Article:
Skip to main content
Original Issue


Ask Christie Green why she is an Olympic-style weightlifter and a fleeting look of panic will appear in her eyes. Then she will giggle and look at her father. Ask her anything about her sport and she will look at her father. Luckily for Christie, her father is only too happy to answer any and all questions pertaining to his daughter and her weightlifting.

"She started training when she was eight years old," says Ben Green. "I started her on the squats, and when she was 11, she was doing the whole lift. It takes time to be an Olympic weightlifter."

After six years of training, Christie is the second-ranked female in the U.S., behind Robin Byrd, 19, in the 115-pound class. At the women's national championships last April in Houston, where she was the youngest competitor by six years, Christie snatched 115 pounds and hoisted 143 in the clean and jerk to finish second to Byrd. Her compact (5'8", 190 pounds), muscled father is still her coach and biggest booster. "I've tried not to push her," he says, "but I guess I have."

Ben is the recreation director for the parks department of Coweta County, Ga., and a weightlifting nut. Four years ago in the 198-pound class he won a World Masters title in the 40-44 age group.

Ben's wife, Sandra, and their other daughter, Leigh, 18, showed no enthusiasm for weightlifting, so when Christie looked at age eight as though she was going to be too big to go much further in gymnastics, Ben seized the chance to get her to start lifting. Christie trains in her father's "gym"—a one-car garage in the backyard that has never sheltered a vehicle. The building is filled with barbells and weights, and though the Greens' house is not air-conditioned, the gym is. "He told me he was building it for storage," says Sandra with a sigh.

When Christie is preparing for competition, she lifts two hours a day, four or five days a week. During these sessions, out of kindness to her coach, she endures his country-music radio station. Christie would rather listen to—what else—heavy metal. When she's not in her ninth-grade classes at Newnan (Ga.) high school or in the backyard gym, she likes to lie on her water bed, talk on the phone with her best friend. Shelly, and listen to Metallica tapes.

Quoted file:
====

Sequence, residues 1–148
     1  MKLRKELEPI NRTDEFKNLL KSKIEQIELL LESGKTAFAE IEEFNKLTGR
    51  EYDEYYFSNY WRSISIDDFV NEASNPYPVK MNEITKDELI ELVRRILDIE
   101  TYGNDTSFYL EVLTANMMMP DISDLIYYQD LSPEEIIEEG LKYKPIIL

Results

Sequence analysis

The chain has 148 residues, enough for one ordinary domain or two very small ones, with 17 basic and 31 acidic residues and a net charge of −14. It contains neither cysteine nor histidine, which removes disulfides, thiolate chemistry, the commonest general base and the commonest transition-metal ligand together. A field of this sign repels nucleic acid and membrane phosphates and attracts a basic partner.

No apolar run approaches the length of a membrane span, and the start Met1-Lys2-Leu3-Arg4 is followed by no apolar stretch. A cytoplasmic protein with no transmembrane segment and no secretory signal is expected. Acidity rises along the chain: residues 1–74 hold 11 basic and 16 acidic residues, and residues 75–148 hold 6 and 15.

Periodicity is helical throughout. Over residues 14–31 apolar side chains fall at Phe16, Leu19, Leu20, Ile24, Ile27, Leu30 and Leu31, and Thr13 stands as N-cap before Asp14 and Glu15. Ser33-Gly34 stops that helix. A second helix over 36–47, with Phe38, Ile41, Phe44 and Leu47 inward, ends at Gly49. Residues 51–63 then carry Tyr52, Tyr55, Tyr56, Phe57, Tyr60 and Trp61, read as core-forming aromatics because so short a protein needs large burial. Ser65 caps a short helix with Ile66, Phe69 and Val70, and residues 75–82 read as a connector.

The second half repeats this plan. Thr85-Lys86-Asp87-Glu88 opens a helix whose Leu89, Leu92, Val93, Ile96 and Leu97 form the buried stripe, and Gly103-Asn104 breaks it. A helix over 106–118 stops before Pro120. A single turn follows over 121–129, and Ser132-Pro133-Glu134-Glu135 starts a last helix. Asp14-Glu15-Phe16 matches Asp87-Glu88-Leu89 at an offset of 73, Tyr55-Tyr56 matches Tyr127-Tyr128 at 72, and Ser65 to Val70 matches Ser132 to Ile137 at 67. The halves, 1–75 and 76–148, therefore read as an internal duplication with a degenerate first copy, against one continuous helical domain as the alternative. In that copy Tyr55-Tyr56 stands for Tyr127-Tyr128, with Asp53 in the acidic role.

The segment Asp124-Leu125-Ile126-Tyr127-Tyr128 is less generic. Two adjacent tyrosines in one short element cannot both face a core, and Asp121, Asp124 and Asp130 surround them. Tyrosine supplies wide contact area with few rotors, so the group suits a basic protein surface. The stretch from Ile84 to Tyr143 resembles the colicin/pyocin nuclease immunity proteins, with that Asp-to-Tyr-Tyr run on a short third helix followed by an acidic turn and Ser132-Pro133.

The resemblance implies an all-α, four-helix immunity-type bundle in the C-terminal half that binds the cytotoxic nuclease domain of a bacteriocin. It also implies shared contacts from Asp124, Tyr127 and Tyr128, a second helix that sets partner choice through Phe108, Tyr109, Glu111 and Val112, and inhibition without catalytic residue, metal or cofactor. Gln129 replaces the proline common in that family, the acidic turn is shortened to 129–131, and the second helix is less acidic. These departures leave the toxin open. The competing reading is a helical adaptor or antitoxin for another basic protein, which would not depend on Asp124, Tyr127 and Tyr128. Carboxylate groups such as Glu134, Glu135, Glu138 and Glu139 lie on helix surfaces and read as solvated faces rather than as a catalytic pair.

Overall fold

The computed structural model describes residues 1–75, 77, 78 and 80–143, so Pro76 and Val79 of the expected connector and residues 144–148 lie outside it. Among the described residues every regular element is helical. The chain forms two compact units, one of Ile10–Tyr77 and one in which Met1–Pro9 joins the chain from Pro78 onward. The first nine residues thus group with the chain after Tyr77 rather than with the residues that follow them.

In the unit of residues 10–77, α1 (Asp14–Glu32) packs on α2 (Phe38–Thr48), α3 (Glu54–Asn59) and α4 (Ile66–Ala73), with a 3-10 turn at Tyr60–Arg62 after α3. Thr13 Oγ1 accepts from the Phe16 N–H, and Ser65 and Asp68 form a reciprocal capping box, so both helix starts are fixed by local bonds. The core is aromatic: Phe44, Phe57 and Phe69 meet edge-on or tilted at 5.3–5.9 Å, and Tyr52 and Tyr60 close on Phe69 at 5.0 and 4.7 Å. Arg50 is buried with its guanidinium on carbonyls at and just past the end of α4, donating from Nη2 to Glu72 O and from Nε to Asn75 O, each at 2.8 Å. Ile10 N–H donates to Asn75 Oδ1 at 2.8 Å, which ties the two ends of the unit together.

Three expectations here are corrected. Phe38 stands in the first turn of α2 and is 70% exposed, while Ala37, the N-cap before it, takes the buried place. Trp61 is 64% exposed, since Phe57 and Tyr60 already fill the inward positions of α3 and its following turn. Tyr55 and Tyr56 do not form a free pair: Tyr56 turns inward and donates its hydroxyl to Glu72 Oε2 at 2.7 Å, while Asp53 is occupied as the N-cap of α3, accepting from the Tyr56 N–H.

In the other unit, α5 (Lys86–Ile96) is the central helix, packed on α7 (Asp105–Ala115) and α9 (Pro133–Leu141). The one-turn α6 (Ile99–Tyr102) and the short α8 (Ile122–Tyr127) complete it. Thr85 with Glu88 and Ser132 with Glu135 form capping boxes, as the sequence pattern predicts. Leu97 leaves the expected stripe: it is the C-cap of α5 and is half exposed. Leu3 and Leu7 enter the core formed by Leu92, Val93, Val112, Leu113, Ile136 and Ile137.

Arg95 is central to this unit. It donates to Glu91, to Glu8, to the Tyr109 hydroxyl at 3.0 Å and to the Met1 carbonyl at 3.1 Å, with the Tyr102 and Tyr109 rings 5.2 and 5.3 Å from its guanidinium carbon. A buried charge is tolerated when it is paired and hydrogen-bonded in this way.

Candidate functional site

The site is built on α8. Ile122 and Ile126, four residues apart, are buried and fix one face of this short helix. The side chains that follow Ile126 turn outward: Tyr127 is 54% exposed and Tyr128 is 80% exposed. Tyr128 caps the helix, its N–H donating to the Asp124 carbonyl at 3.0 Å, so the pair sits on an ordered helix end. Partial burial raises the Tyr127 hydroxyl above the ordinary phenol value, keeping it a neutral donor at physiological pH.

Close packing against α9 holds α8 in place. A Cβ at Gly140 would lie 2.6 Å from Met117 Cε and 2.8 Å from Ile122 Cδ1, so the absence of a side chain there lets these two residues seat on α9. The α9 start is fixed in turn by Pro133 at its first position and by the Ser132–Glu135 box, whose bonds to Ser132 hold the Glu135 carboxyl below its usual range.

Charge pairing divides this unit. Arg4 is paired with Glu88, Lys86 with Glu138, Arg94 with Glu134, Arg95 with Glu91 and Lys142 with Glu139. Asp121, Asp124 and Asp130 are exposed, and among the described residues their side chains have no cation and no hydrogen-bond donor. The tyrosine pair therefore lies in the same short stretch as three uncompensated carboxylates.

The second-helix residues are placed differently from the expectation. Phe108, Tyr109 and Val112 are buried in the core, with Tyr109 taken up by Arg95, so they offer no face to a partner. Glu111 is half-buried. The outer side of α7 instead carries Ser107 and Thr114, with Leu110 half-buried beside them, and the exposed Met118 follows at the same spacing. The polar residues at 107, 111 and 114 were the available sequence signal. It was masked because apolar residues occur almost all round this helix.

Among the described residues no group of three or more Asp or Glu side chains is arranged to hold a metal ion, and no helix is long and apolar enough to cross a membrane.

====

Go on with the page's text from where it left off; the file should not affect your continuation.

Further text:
Christie is 5½ feet tall, and unless she's lifting, her muscles aren't especially noticeable. She looks like any normal teenager, and her room, decorated with posters of rock stars, looks like any 14-year-old girl's room. That is, until you see the seven weightlifting trophies in a corner. Most of them are topped with statuettes that resemble Mr. Clean.

The trophies help explain why such a young girl can be so successful in this sport. There are no standard-issue weightlifting trophies with statuettes of women because few females lift weights competitively. "It's not a glamour sport," says Ben, "when you're straining under the weight and your eyes are bulging." While the U.S. has fewer than 175 female Olympic-style weightlifters, an estimated one million Chinese women lift weights, and the Chinese have world-record holders in all of the nine weight classes. (In each of these there are three record holders.) Other Asian countries have also produced top female lifters, and Ben hopes that these countries and China will continue their efforts to make women's weightlifting an exhibition sport in the Olympics.

How much longer will Christie stay in weightlifting? She looks at her dad, but this time he keeps quiet. "Forever?" she says. "I mean, I guess...."

Ben, unable to stand it any longer, speaks up. "I don't want to answer for her," he says, "but if Christie shows one thing, it's that you can excel at weightlifting at a very young age and keep going."



Ben has helped Christie to excel in a sport that not many U.S. women pick up.